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What to do if you’re managing someone overconfident

There’s a risk to someone being overly sure of themselves.

[Source photo: Gelatin/Pexels]

Ideally, people’s confidence in the workplace is well-calibrated to their ability and the situation. If they are under-confident, then they may not take on opportunities that would benefit them in the long-run. If they are overconfident, then they may agree to things they cannot handle.

As a manager, you should pay attention to the confidence displayed by your direct reports. When you think they are being overconfident, it is useful to help them to recognize the reasons why they should temper their enthusiasm. To do that, you first need to be clear about exactly what they are overconfident about.

There are three main sources of overconfidence:


One of the most significant ways that people display overconfidence is that they are unaware of the many ways that a given situation might lead to bad outcomes. It can be difficult for people to recognize the variety of ways that something can go wrong, even in situations that may seem simple. There are just many factors that are beyond the control of an individual or team. A client may be considering multiple offers that you are not aware of. A competitor may be working on a similar product to one you are developing. The market may take a downturn just as your company is preparing for an IPO.

There will always be a certain number of things that are completely unpredictable, but experienced performers are aware of the likelihood of success even in situations in which they do everything right so that they can be prepared for problems when they arise and so that they can set other people’s expectations appropriately

If you’re working with someone who does not recognize the difficulties that situations can cause, it’s important to increase their awareness of some of the factors that are beyond their control. It is also valuable to teach them how to prepare people they are working with for some of the potential negative outcomes that could arise.


Some people believe that they are more highly skilled than they actually are. There is a general tendency for people to be a little overconfident, and that can be valuable. Many tasks we perform are self-fulfilling prophecies. So, believing you will succeed at something may increase the amount of effort you put toward it, which can then increase your chances of success.

But, when people are truly miscalibrated about their skill level, that is a problem. One thing that can help is to work with your team members on hypothetical situations so that they get a view of what they still need to learn. There is evidence that poor performers often fail to appreciate the complexity of expert performance, which contributes to their overconfidence. These practice situations can provide people with some evidence of the distance they still need to go to improve their abilities.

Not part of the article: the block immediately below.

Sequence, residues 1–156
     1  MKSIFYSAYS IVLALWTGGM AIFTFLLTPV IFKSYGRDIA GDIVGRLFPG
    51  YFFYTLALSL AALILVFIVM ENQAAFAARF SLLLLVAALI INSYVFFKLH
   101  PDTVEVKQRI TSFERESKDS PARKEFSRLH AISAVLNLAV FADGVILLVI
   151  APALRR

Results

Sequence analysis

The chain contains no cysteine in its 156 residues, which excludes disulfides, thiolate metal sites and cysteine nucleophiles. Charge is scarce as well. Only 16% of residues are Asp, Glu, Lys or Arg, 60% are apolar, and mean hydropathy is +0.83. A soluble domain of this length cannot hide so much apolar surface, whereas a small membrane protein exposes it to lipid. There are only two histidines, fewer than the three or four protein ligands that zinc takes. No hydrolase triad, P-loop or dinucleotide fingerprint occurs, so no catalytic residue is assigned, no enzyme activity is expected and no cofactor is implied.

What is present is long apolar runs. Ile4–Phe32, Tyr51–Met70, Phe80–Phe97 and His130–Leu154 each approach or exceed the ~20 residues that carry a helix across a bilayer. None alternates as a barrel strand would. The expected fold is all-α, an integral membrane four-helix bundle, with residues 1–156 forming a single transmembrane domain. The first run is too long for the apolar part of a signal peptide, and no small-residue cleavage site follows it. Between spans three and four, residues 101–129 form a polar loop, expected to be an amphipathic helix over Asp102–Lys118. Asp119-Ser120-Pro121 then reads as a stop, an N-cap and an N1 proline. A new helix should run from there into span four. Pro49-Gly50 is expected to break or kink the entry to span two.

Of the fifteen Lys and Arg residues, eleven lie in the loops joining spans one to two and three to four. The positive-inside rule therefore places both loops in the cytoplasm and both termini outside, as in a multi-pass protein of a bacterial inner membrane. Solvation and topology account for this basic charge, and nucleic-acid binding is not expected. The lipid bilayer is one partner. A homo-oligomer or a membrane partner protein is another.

When you do these exercises, you should be explicit with your team members about what aspects of their performance they need to improve. At the same time, you want to use this lesson to help them identify what they need to work on rather than to simply undermine their confidence. You want your reports to adopt a growth mindset and believe they can address their weaknesses, even as they recognize how far they need to go to become an expert.


A big danger in overconfidence is that it can lead to arrogance. A characteristic of arrogant people is that they value their own opinions, skills, and knowledge over that of other people. If you have a report who fails to recognize other people’s knowledge, skills, and wisdom, then they are likely to come across badly to others in the organization.

It can be helpful to chat with these team members about the your respect for other people in the organization. You may also want to reflect some of their words and actions back to them to help them see how they come across to others when they discount the experience of their colleagues. In addition, you should help your reports to understand how much support they will need from others high up in the organization in order to succeed in the long-run.

More generally, when working with your team, it can be helpful to point out great things that other people in the organization have done. Those discussions reinforce the expertise of colleagues outside the team and can help to temper any tendency that your team members may have to feel superior to others in ways that will hamper their ability to collaborate.


Art Markman, PhD is a professor of Psychology and Marketing at the University of Texas at Austin and Founding Director of the Program in the Human Dimensions of Organizations. Art is the author of Smart Thinking and Habits of Leadership, Smart Change, Brain Briefs, and, most recently, Bring Your Brain to Work. More

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